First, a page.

We got up at 5:30 hoping to scrounge some breakfast for later to see that the sun was already up. There were some hopes that the breakfast places would remain open, but this was a paltry and unrealized dream. We hustled some groceries at a nearby market and headed back to the terrace of the Aslan Hotel (“aslant” means “lion” in case you were wondering)which we had already checked out of in order to concoct our own clandestine infidel terrace breakfast picnic, the first of two such meals while in the east. It was good, but I felt guilty enough to swear to fast the rest of the day. A meandering to the bus to the otogar and onto a bus bound for Kars. No less than 6 military checkpoints along the way with four identity card checks and two baggage checks. We learned the next day that this was to curtail a large drug trafficking across the Iranian border. A flooded bridge and flooded road and cattle crossing. We saw children sleeping on the grain in the beds of moving trucks, lots of donkey carts, many women in burqas, and, you know, Mt. Ararat where Noah’s Ark was said to have landed back in the day. Finally we got into Kars, got tickets for Erzurum, found a hotel, and met with Jared who works as a guide for Ani, then set out in search of food, as it was past dusk. We found a place with great meze and grilled fish and beer, but a shockingly big bill that had us feeling like paupers again. Oh well.

12 September 2007

AlSo: Van

Best breakfast ever!! According to the LP (which we’re still mad at, by the by for a few other references that require a letter to the editor), Van is famous for having the best breakfast spreads in Turkey, and it’s not hard to see why. We went down a side street only to find a whole alley set up with chairs and tables just for breakfast (kavalti salonu). There was a grass cheese, honeyCOMB served along with 5000 other types of cheese, olives, tomatoes, cucumbers, tahini, a few mystery substances, and bread. It was incredible.afterwards, we walked to Van Castle a little over, say, 3k out of town and past a bunch of kids who know “hello” and “money”. We scrambled up the ancient ruins and up a tall chimney (I don’t believe it was a minaret?) because, you know, it was there. Some people were beating what looked like cotton or wool below. Afterwards, we walked to Lake Van which was a relatively short jaunt from the Castle. It’s a pristine-looking lake (though Rick said there is a great deal of pollution) with almost no water activity, just one or two ferries. We had celebratory beer (what were we celebrating? Umm, the fact that there was beer and it might be the last one we have before Ramadan begins the next day) along the dock, then a dolmus whisked us back to the city. Coreyn managed to find us tickets back to Istanbul, so we celebrated THAT at a pide joint. The hospitality in this country is legion. We said we were vegetarian and asked if they had eggplant, and they of course replied, “Sure!” and then sent someone out to buy some for us. Incredible roasted vegetables! We had all been jonesing for some veggies. There was a soccer game on during dinner, Turkey against some M-stan country none of us had ever heard of. We are Americans, I suppose. No one scored for the duration of our meal, and we got up to leave the table with the score still 0-0. no sooner had we walked into the street and down an alley when we heard cheers and roars from everywhere! Turkey had scored. They scored twice more within a few minutes, and men spilled out of teahouses and lokantas clapping each other on the back. It was so festive!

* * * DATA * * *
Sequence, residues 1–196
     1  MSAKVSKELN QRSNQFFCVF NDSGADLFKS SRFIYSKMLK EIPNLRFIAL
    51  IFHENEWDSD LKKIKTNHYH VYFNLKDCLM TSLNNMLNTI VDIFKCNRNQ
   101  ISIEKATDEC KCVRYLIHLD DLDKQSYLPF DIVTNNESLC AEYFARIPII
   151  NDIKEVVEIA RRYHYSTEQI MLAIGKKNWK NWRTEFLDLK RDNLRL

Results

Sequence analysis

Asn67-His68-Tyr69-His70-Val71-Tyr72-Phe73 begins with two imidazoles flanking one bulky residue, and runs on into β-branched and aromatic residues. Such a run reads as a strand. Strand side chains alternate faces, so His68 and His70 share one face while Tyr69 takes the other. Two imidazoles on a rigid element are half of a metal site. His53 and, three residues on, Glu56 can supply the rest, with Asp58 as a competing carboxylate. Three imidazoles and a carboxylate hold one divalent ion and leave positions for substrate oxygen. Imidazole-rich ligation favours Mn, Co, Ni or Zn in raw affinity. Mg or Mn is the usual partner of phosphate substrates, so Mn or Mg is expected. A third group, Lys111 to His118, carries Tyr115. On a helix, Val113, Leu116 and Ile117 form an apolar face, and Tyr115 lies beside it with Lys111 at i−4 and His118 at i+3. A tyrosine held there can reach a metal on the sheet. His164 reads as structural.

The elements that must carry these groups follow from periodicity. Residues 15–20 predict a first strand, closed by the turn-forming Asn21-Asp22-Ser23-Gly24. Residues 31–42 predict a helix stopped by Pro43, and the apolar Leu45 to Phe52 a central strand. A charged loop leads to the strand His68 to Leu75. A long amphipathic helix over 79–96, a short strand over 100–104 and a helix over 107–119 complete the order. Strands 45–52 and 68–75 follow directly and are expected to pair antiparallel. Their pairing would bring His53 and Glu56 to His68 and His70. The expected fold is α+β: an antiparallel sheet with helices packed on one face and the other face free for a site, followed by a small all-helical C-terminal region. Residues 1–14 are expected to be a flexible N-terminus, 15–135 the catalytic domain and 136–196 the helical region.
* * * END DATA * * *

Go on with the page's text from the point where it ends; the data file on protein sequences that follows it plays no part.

09 September 2007

Oddysseı: Mardın